This video from the World Wildlife Fund shows three wild Sumatran tiger cubs playing in and sniffing around a forest clearing. It is estimated there are only about 400 Sumatran Tigers Left in the wild, and the area where these three were videotaped is under threat from logging, even though it is a protected forest.
A world Wildlife Fund official said, “What’s unclear is whether we found so many tigers because we’re getting better at locating our cameras or because the tigers’ habitat is shrinking so rapidly here that they are being forced into sharing smaller and smaller bits of forests.” (Source: Panda.org)
What’s even more tragic about the loss of Sumatran tigers is that the destruction of their habitat is caused by the pulp and paper industry, which sells products that are often wasted by consumers. In other words, the destruction of their habitat and loss of tigers is not even for a worthy cause.
Last year, Greenpeace said Wal-Mart and Kentucky Fried Chicken were contributing to the loss of tigers and orangutans by buying paper products made in Indonesia from their forest habitats. For our part, we can boycott businesses selling Indonesian paper products, and today, because of the vast reach of the Web, and access for nearly all, we have no excuse not to be informed about how our consumer choices are contributing to the destruction of wild lands and wild animals. Globalization has been good for some in terms of job creation, but it also has turned on a great machine that is consuming sensitive natural lands and converting them to cash for short-term profits, while ignoring long-term consequences.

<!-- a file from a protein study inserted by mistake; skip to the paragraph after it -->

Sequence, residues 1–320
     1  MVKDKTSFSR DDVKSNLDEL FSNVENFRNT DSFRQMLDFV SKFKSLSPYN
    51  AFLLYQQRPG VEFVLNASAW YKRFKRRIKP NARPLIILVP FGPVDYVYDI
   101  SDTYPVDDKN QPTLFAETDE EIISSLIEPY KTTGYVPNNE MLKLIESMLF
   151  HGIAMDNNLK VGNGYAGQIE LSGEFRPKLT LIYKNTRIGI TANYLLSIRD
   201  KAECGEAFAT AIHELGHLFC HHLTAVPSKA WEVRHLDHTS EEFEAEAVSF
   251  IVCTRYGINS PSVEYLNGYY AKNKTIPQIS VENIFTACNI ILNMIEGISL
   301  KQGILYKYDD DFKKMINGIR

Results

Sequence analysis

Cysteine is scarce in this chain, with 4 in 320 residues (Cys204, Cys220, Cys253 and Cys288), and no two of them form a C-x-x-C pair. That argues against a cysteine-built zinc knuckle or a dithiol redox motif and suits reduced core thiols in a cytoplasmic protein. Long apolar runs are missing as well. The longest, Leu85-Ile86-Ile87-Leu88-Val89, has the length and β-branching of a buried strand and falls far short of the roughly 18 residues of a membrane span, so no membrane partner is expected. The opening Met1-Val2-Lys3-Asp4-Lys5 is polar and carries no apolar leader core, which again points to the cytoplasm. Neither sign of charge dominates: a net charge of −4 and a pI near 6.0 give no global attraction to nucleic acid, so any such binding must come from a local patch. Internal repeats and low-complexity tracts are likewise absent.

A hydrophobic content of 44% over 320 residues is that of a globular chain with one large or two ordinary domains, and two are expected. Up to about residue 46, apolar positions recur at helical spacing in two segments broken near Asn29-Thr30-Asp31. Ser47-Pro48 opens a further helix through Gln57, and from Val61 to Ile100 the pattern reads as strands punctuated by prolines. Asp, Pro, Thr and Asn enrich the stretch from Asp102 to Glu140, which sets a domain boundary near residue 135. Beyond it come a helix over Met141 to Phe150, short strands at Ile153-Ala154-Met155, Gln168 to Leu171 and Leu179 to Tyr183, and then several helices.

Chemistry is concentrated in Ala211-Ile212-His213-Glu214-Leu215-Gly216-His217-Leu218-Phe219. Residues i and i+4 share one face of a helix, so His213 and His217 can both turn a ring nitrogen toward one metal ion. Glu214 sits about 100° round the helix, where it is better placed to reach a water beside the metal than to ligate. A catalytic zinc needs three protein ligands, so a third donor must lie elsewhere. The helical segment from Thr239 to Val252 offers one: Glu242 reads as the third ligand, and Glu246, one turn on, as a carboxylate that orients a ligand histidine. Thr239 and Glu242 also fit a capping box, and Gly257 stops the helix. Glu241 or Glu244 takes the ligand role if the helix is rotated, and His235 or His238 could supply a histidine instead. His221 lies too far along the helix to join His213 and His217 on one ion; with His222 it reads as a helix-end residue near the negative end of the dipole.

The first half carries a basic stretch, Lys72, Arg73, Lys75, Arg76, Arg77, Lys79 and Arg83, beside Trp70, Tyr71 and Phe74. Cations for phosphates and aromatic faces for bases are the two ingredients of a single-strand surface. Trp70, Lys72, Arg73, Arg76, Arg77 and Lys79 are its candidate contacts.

We can also buy only 100 percent recycled tissue paper and toilet paper. The NRDC has publilshed a list of safe and unsafe paper products.
Yes, even the chocolate we buy can contribute to the loss of tigers and orangutans for the same reason–destruction of their habitat–due this time to conversion to palm oil plantations.
These pulp-and-paper, and palm oil industries in Indonesia and Sumatra are being fed by our personal consumption habits. These are things we can change easily and help slow the loss of critically endangered Sumatran Tigers and other wildlife there.
Image Credit: World Wildlife Fund